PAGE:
WASHINGTON (1/9/15)--President Barack Obama's announcement that the Federal Housing Administration (FHA) will lower annual mortgage insurance premiums was met with praise by the Credit Union National Association. The action reduces premiums to 0.85% from 1.35%, according to the White House.
CUNA President/CEO Jim Nussle welcomed the announcement, but advocated for all agencies to take additional steps to assist credit unions and their members.
"While today's announcement is a step in the right direction, there are additional steps that need to be taken to help credit unions and their members even further," Nussle said. "We look forward to working with Congress and the administration to closely examine the regulatory burden facing lenders and to remove barriers to mortgage lending that keep qualified borrowers from achieving the dream of homeownership."
Nussle added that, since credit unions were not the cause of the financial crisis, and in fact served their members admirably over that time, additional regulatory relief should be forthcoming.
"The financial crisis, caused by the nation's biggest bank,s destroyed the finances of many hard-working families, but credit unions stood by their members and helped assist them with their mortgages to every extent possible. In fact, in 2009, credit unions saw their delinquency for mortgage loans peak at 1.61% compared to 8.86% at the banks--many who lured consumers into debt they could not afford," he said.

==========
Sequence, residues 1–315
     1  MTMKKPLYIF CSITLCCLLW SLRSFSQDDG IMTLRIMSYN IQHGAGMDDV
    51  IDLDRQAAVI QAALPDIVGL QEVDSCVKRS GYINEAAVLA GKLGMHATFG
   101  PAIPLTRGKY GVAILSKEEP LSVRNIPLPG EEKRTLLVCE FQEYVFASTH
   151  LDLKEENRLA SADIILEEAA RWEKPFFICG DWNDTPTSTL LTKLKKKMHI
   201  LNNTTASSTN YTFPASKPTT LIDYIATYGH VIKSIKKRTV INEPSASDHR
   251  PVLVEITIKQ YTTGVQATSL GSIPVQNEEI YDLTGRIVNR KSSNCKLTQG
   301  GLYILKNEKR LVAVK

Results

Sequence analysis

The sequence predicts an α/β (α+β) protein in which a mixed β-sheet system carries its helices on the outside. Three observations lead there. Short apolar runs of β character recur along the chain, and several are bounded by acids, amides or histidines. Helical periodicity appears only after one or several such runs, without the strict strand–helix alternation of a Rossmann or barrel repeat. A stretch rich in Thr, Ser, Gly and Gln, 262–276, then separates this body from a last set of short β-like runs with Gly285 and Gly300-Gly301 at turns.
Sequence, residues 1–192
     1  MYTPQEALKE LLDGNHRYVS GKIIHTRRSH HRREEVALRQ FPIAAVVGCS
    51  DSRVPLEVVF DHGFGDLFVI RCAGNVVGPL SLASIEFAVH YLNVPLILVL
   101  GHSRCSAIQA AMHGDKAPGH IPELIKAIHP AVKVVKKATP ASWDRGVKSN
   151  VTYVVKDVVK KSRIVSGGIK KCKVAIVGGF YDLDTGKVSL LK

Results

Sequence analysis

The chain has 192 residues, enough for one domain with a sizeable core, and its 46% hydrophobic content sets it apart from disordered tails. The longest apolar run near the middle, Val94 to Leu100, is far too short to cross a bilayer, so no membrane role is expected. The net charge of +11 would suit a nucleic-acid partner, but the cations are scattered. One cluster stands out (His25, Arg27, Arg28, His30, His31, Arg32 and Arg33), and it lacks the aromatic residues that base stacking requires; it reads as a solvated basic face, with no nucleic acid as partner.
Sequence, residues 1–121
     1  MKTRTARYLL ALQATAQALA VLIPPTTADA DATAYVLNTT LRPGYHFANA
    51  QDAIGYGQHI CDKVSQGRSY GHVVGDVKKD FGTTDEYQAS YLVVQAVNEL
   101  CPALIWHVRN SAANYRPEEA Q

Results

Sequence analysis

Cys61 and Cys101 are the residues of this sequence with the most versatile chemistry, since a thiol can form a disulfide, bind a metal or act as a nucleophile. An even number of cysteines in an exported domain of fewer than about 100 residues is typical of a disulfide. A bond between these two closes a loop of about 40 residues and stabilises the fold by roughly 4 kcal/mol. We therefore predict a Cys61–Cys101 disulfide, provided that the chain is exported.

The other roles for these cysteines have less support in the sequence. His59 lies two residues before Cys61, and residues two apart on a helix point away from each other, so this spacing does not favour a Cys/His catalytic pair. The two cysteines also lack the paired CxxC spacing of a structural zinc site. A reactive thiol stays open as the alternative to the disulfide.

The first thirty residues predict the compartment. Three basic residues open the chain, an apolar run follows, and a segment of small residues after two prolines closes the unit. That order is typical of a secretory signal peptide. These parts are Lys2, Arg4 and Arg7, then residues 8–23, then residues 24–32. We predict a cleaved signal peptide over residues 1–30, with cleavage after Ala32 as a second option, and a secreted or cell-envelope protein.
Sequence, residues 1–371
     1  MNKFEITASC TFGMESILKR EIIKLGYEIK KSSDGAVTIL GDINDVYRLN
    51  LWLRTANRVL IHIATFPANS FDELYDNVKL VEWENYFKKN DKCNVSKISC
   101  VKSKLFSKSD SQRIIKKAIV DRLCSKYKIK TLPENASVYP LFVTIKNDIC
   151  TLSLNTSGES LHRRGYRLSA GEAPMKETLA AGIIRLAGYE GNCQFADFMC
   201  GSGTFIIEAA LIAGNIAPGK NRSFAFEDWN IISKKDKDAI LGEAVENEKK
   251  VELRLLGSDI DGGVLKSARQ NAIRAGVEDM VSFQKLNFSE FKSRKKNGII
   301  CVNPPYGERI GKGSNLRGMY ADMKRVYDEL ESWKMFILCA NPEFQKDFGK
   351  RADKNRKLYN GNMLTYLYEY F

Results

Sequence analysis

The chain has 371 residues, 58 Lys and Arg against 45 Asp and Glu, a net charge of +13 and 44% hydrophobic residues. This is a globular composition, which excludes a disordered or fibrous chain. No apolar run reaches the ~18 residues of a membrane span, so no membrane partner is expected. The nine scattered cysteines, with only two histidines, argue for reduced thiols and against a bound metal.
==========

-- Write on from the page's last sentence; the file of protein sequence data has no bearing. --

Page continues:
"CUNA sent a letter Tuesday, along with a number of other housing and financial trade organizations, requesting lower premiums because credit unions have long advocated prudent moves by government agencies involved in home finance to reduce the regulatory burdens that make home ownership more expensive."
The FHA, in a release posted shortly after the conclusion of Obama's speech Thursday, announced the lower premium prices will take effect by the end of this month. A mortgagee letter will be published by the agency shortly, which will detail the new pricing structure.
The reductions are projected to save more than two million FHA homeowners an average of $900 per year, as well as allow 250,000 new homebuyers to purchase a first home over the next three years.